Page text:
21. Larkin MA, Blackshields G, Brown NP, Chenna R, McGettigan PA, McWilliam H, Valentin F, Wallace IM, Wilm A, Lopez R, Thompson JD, Gibson TJ, Higgins DG (2007) Clustal W and Clustal X version 2.0. Bioinformatics 23:2947–2948. CrossRefGoogle Scholar
  22. Leberer E, Dignard D, Harcus D, Thomas DY, Whiteway M (1992) The protein kinase homologue Ste20p is required to link the yeast pheromone response G-protein beta gamma subunits to downstream signalling components. EMBO J 11:4815–4824CrossRefGoogle Scholar
  23. Leberer E, Harcus D, Broadbent ID, Clark KL, Dignard D, Ziegelbauer K, Schmidt A, Gow NA, Brown AJ, Thomas DY (1996) Signal transduction through homologs of the Ste20p and Ste7p protein kinases can trigger hyphal formation in the pathogenic fungus Candida albicans. Proc Natl Acad Sci USA 93:13217–13222CrossRefGoogle Scholar
  24. Leberer E, Ziegelbauer K, Schmidt A, Harcus D, Dignard D, Ash J, Johnson L, Thomas DY (1997) Virulence and hyphal formation of Candida albicans require the Ste20p-like protein kinase CaCla4p. Curr Biol 7:539–546. CrossRefGoogle Scholar
  25. Leveleki L, Mahlert M, Sandrock B, Bölker M (2004) The PAK family kinase Cla4 is required for budding and morphogenesis in Ustilago maydis. Mol Microbiol 54:396–406. CrossRefGoogle Scholar
  26. Li L, Xue C, Bruno K, Nishimura M, Xu JR (2004) Two PAK kinase genes, CHM1 and MST20, have distinct functions in Magnaporthe grisea. Mol Plant Microbe Interact 17:547–556. CrossRefGoogle Scholar
  27. Lichius A, Goryachev AB, Fricker MD, Obara B, Castro-Longoria E, Read ND (2014) CDC-42 and RAC-1 regulate opposite chemotropisms in Neurospora crassa. J Cell Sci 127:1953–1965. CrossRefGoogle Scholar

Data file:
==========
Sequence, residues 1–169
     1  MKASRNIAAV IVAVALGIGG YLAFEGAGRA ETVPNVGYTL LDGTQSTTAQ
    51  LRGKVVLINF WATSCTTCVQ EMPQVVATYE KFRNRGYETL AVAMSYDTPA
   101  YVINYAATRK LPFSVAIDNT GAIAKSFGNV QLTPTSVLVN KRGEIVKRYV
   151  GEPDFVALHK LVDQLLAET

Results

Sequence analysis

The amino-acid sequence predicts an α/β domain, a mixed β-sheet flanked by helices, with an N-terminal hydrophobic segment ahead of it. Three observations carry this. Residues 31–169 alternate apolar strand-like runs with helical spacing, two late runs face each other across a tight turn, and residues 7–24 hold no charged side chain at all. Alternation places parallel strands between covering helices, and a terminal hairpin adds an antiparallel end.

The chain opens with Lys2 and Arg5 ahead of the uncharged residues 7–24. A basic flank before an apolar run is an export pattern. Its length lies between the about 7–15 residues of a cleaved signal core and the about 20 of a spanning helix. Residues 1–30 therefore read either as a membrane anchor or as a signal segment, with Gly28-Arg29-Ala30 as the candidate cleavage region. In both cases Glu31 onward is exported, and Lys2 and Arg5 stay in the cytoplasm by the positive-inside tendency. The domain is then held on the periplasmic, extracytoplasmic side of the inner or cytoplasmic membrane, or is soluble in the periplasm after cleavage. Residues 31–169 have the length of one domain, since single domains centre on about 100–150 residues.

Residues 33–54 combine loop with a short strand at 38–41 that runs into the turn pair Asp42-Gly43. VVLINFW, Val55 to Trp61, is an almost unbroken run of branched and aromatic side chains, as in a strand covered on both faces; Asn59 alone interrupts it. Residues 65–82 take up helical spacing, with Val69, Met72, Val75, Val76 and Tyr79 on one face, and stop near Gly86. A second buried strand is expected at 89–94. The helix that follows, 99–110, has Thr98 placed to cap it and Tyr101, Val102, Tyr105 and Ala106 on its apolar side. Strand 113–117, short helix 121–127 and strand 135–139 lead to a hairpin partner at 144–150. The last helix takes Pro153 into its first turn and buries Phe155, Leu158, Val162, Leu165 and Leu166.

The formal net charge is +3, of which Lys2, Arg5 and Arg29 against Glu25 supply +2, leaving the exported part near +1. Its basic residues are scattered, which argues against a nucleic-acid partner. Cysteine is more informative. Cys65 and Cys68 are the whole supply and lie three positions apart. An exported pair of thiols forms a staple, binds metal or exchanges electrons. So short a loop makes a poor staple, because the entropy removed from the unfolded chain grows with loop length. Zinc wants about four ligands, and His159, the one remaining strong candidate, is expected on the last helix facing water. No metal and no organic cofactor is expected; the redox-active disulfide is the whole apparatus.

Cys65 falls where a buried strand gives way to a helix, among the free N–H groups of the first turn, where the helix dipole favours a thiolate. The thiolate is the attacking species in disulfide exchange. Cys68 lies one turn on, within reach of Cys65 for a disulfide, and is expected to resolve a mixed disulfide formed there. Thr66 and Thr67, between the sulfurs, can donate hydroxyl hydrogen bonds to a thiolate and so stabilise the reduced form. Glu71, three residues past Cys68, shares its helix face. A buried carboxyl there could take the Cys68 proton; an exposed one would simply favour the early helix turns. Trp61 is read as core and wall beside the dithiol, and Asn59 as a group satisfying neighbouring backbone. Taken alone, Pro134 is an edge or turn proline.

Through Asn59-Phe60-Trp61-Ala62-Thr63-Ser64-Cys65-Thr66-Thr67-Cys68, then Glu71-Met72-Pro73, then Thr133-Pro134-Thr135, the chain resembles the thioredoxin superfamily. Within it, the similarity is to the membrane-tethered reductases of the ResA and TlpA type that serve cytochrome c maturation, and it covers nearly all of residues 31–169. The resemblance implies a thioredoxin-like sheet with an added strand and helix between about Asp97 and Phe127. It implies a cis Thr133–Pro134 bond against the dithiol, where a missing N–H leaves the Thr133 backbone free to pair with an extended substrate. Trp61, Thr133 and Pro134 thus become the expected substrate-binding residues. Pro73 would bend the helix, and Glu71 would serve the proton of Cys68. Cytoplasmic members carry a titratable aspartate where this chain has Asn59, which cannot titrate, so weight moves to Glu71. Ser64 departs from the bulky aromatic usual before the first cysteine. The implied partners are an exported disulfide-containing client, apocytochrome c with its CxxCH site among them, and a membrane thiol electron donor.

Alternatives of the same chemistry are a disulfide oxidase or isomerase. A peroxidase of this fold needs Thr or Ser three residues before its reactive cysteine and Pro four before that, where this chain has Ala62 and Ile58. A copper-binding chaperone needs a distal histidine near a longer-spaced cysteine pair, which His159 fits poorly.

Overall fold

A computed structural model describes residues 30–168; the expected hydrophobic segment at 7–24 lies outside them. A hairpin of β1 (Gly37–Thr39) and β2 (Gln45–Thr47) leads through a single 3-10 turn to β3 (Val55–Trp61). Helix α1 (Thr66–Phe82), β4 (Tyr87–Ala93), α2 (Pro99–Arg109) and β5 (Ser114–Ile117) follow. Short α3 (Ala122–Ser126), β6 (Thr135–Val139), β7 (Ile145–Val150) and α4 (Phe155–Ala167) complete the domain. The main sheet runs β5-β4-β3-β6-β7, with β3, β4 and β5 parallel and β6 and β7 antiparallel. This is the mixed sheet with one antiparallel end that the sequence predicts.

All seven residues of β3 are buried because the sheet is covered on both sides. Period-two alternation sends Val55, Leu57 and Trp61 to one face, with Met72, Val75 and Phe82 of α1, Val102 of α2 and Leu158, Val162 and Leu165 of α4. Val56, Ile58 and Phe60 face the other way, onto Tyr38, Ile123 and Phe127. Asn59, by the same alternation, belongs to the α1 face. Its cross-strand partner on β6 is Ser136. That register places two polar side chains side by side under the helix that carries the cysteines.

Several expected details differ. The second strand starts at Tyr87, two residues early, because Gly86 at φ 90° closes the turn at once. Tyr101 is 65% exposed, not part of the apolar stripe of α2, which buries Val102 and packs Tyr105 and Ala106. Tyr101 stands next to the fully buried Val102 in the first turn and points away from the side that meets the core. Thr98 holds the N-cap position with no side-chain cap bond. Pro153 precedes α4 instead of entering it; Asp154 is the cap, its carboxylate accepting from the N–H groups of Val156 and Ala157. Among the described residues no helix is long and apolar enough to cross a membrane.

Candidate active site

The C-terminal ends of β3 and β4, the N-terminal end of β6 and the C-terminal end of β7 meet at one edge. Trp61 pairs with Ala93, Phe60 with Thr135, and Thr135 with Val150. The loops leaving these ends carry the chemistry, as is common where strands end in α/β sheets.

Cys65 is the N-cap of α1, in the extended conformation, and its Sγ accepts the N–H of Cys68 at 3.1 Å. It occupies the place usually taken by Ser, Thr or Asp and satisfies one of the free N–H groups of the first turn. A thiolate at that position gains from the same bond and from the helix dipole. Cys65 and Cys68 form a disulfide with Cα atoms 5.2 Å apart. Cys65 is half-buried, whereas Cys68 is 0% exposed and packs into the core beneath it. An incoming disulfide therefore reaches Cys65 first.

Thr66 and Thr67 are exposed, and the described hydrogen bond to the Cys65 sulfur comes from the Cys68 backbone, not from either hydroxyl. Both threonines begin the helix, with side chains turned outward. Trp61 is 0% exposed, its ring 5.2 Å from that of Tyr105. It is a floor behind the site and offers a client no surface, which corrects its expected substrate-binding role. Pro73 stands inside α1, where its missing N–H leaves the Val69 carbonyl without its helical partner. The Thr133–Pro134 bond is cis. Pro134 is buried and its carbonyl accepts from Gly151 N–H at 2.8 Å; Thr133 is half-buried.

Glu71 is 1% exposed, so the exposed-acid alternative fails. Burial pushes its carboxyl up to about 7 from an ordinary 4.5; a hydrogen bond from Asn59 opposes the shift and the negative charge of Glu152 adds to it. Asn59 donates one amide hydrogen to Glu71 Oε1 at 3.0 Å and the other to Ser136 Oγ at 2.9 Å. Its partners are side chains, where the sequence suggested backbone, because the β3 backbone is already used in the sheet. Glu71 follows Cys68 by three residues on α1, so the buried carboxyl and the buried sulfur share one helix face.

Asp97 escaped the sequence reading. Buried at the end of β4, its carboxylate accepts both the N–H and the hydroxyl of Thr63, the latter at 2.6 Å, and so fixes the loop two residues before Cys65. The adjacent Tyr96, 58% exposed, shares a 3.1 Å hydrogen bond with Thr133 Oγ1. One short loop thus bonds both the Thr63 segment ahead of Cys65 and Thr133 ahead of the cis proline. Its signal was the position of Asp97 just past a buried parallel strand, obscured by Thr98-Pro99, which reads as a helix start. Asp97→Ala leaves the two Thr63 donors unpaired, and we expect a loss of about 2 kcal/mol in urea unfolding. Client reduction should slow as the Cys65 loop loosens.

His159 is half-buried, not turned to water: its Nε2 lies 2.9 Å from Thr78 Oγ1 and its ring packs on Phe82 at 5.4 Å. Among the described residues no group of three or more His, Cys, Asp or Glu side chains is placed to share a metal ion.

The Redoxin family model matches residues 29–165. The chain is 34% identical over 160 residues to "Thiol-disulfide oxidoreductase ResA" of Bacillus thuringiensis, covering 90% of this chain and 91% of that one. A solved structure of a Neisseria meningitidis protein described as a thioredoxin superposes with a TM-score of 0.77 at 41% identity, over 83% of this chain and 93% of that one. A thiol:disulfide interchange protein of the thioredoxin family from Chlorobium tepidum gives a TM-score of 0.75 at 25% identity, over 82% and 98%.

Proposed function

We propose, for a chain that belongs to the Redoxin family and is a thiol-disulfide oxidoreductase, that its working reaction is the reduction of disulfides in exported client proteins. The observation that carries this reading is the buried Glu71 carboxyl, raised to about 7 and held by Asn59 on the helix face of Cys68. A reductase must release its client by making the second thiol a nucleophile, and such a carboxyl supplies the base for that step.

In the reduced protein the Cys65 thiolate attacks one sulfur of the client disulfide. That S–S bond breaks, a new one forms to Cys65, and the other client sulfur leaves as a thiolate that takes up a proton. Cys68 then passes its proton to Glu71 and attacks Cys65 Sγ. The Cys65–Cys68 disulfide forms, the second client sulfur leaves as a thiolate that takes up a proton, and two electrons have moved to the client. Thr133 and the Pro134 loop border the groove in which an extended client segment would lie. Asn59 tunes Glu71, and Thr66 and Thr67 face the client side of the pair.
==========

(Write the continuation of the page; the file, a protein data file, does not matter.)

28. Lin X, Momany M (2004) Identification and complementation of abnormal hyphal branch mutants ahbA1 and ahbB1 in Aspergillus nidulans. Fungal Genet Biol 41:998–1006. CrossRefGoogle Scholar
  29. Marcus S, Polverino A, Chang E, Robbins D, Cobb MH, Wigler MH (1995) Shk1, a homolog of the Saccharomyces cerevisiae Ste20 and mammalian p65PAK protein kinases, is a component of a Ras/Cdc42 signaling module in the fission yeast Schizosaccharomyces pombe. Proc Natl acad Sci USA 92:6180–6184CrossRefGoogle Scholar
  30. Martín H, Mendoza A, Rodríguez-Pachón JM, Molina M, Nombela C (1997) Characterization of SKM1, a Saccharomyces cerevisiae gene encoding a novel Ste20/PAK-like protein kinase. Mol Microbiol 23:431–444. CrossRefGoogle Scholar
  31. Minz-Dub A, Sharon A (2017) The Botrytis cinerea PAK kinase BcCla4 mediates morphogenesis, growth and cell cycle regulating processes downstream of BcRac. Mol Microbiol 104:487–498. CrossRefGoogle Scholar
  32. Nichols CB, Fraser JA, Heitman J (2004) PAK kinases Ste20 and Pak1 govern cell polarity at different stages of mating in Cryptococcus neoformans. Mol Biol Cell 15:4476–4489. CrossRefGoogle Scholar
  33. Ribeiro OK (1978) A source book of the genus Phytophthora. Cramer, VaduzGoogle Scholar
  34. Rolke Y, Tudzynski P (2008) The small GTPase Rac and the p21-activated kinase Cla4 in Claviceps purpurea: interaction and impact on polarity, development and pathogenicity. Mol Microbiol 68:405–423. CrossRefGoogle Scholar
  35. Rossman AY, Manamgoda DS, Hyde KD (2013) Proposal to conserve the name Helminthosporium maydis Y. Nisik. & C. Miyake (Bipolaris maydis) against H. maydis Brond. and Ophiobolus heterostrophus (Ascomycota: Pleosporales: Pleosporaceae). Taxon 62:1332–1333. CrossRefGoogle Scholar